Monday, June 01, 2009

The Value Of Consistency

Most people in our industry hate to practice their presentations before their peers. Yet, practice builds skills, as long as the person practices good “word tracks.” In a race or in a sports game, our muscles react to stress exactly as we have trained them to react. When we prepare for a sports event we train, we exercise, we change our diets, and we focus on the particular skill set we need to succeed. That is exactly what we are doing for our business when we practice our presentation with a peer or record it and then play it back, listening as a customer would listen.

When we are under pressure we react exactly as we have conditioned ourselves. Doesn’t it make sense to “skill up” during the quiet times at work?

Identify weaknesses: The sales producer should keep an objection log. This could be as simple as index cards. On one side write what the specific objection was, leaving the other side available to write word tracks for addressing the customer’s objection.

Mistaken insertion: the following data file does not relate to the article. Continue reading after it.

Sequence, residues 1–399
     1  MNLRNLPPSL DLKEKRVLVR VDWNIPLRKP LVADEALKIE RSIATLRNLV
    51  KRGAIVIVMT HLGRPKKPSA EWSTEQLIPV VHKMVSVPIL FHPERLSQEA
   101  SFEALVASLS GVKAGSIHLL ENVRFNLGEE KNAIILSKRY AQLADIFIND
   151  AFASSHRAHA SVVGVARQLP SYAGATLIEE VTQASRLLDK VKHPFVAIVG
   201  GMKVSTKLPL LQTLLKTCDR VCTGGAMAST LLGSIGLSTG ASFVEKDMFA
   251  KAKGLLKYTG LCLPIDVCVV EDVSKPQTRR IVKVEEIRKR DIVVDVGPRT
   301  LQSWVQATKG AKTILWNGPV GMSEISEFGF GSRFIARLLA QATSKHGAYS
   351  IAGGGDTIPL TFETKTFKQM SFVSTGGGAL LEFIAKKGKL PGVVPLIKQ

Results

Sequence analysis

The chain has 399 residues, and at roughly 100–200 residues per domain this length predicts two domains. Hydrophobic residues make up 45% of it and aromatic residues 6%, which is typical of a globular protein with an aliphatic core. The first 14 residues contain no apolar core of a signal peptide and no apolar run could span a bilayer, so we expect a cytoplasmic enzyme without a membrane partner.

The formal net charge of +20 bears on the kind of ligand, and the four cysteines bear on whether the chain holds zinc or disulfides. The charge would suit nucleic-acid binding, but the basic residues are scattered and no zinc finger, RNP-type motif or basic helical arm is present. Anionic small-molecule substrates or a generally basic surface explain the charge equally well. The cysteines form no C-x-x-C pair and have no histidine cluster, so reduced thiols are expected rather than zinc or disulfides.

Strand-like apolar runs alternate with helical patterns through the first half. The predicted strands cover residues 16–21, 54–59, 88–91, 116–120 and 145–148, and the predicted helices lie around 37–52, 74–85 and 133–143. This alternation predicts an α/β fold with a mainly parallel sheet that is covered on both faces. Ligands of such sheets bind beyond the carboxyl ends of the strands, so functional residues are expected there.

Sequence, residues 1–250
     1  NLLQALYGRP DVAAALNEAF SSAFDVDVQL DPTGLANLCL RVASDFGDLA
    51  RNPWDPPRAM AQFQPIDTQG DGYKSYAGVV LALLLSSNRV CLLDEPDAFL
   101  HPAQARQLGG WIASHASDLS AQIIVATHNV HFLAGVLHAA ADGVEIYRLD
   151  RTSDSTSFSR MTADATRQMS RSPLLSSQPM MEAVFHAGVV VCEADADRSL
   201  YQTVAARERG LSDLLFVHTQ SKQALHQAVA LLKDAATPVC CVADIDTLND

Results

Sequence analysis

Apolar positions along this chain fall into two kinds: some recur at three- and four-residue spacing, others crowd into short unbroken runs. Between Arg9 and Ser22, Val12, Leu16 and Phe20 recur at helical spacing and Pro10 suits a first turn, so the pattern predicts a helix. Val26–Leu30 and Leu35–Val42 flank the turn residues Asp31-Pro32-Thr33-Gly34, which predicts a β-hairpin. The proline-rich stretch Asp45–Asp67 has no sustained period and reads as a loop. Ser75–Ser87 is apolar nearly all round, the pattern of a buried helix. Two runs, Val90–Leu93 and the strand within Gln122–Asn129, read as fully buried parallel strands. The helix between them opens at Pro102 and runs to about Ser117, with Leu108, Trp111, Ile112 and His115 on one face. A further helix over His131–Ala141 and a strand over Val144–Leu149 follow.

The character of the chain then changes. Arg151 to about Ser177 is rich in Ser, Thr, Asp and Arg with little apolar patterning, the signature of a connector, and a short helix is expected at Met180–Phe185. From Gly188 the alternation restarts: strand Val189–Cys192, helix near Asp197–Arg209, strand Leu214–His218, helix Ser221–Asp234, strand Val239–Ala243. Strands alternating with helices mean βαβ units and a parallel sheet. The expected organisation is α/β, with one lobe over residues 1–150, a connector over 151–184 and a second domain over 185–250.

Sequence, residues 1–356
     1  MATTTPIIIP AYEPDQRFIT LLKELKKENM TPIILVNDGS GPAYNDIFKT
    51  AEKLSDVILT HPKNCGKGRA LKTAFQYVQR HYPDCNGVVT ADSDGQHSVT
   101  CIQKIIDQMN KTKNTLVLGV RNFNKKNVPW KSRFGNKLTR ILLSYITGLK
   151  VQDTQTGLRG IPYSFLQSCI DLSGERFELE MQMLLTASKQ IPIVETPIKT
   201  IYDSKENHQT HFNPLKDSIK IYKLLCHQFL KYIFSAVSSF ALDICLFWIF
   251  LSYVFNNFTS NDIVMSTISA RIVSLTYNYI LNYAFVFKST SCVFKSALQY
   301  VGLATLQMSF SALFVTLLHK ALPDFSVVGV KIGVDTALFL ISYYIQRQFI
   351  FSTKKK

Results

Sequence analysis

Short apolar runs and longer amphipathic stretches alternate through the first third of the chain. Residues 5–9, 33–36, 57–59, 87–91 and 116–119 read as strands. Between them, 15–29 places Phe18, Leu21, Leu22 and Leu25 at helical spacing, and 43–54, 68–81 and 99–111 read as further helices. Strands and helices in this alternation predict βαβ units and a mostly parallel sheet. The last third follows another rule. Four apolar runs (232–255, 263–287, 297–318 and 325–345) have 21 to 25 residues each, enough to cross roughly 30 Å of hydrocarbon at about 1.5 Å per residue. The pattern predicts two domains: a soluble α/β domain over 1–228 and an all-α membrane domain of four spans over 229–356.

People often ask me why pen and paper, why not type it in a computer? The answer is simple: Our memory has a connection between the eyes and the fingertips. When we use our hands to write something we are creating a stronger memory of those words than gliding over a keyboard.

Search for word tracks: Ask vendors and past educators—seek input on the word tracks that are being used successfully. Be mindful when you place your own personality into the word tracks, because often the change of one word changes the meaning of the entire sentence. Think before you speak. What is the desired mental picture you are creating with your words? Will those words create a path to a sale?

The presentation is not about you. Keep in mind the presentation is not about you, it is not about how you think, how you buy, or how you respond to advertisements. It should be about the customer, how they think, addressing what is important to them, and providing them with solutions to their needs. How to change a presentation? The first step is to write out your presentation. Then talk it through. Read the script you created out loud. Evaluate how it sounds from a customer’s point of view. Record the presentation if possible and then play it back. Make adjustments and read the presentation again and again until it feels right. Practice the new word track 21 times.

When you have a consistent presentation, you already know what you are going to say. That confidence will allow you to focus on the customer. Making those additional sales requires every effort and full focus upon the customer who is present in front of you.

Dealer Marketing Magazine, June 2009, P. 34